Today's Wonder of the Day takes a fresh look at that vile fairy tale villain, the Big Bad Wolf. You know the one. He terrorized the Three Little Pigs and blew down their houses of straw and sticks.

His big eyes and big teeth also gave Little Red Riding Hood quite a scare when she discovered what he'd done with her poor old grandmother. As fairy tale villains go, the Big Bad Wolf has a fairly nasty reputation.

But is he really all that bad? Are all the stories about him true? Or could they be fabrications meant to sully his good name? For example, could the story of the Three Little Pigs be nothing more than pro-pork propaganda pushed by a group with an anti-wolf agenda?

Jon Scieszka's 1989 book, The True Story of the Three Little Pigs, makes a good case for giving the Big Bad Wolf a closer look. Perhaps his run-in with the Three Little Pigs was nothing more than a misunderstanding blown (pun totally intended) way out of proportion.

After all, there are two sides to every story, right? If you have brothers or sisters, we're sure you agree with that old saying. When you get into an argument with your siblings and it's time to explain things to Mom or Dad, there are usually as many stories as there are people involved!

Whether or not the Big Bad Wolf was really that bad or not isn't ultimately important, since he's just a fictional character. But what is important is to remember that every story you hear or read is told from a particular perspective.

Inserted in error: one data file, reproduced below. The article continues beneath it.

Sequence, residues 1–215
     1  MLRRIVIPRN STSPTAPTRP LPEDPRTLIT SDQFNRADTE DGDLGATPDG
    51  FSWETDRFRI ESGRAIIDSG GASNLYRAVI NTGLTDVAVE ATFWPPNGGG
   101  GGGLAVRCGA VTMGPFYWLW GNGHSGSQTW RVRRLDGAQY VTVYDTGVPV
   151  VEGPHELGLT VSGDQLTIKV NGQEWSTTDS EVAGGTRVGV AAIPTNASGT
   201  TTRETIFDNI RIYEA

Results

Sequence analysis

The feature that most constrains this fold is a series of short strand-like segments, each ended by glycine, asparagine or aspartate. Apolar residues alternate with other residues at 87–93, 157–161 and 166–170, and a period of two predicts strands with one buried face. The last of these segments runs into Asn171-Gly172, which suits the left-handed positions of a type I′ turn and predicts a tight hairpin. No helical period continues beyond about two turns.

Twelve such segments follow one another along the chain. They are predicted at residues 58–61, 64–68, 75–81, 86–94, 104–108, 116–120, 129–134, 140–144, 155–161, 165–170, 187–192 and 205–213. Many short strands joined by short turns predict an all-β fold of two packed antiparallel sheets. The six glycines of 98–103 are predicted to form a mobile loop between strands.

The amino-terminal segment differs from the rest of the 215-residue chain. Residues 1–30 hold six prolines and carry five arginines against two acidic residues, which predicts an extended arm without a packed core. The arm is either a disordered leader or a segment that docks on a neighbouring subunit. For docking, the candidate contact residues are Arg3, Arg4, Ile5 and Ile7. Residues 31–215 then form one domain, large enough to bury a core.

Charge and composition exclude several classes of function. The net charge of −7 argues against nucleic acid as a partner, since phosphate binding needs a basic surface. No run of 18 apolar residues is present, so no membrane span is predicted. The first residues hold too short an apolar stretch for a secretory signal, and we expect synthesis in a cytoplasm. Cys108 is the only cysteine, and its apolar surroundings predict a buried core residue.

Before you believe everything you hear or read, you should carefully consider the source of the information. Do your own research if you need to. Don't automatically take everything you hear or read as truth, just because you see it in print or hear it on the radio or television.

Some people may try to persuade you to believe something because it helps them in some way. Others may not be trying to deceive you, but they may fail to include all relevant information you need to make an informed decision.

So what about the Big Bad Wolf? Was he really that big and bad? Maybe. Some historians argue that these old fables had practical purposes. In the past, wolves were dangerous and the risk of attacks in the woods was real. Fables such as the story of Little Red Riding Hood could have served as a warning to children not to explore unknown forests where wolves might live.

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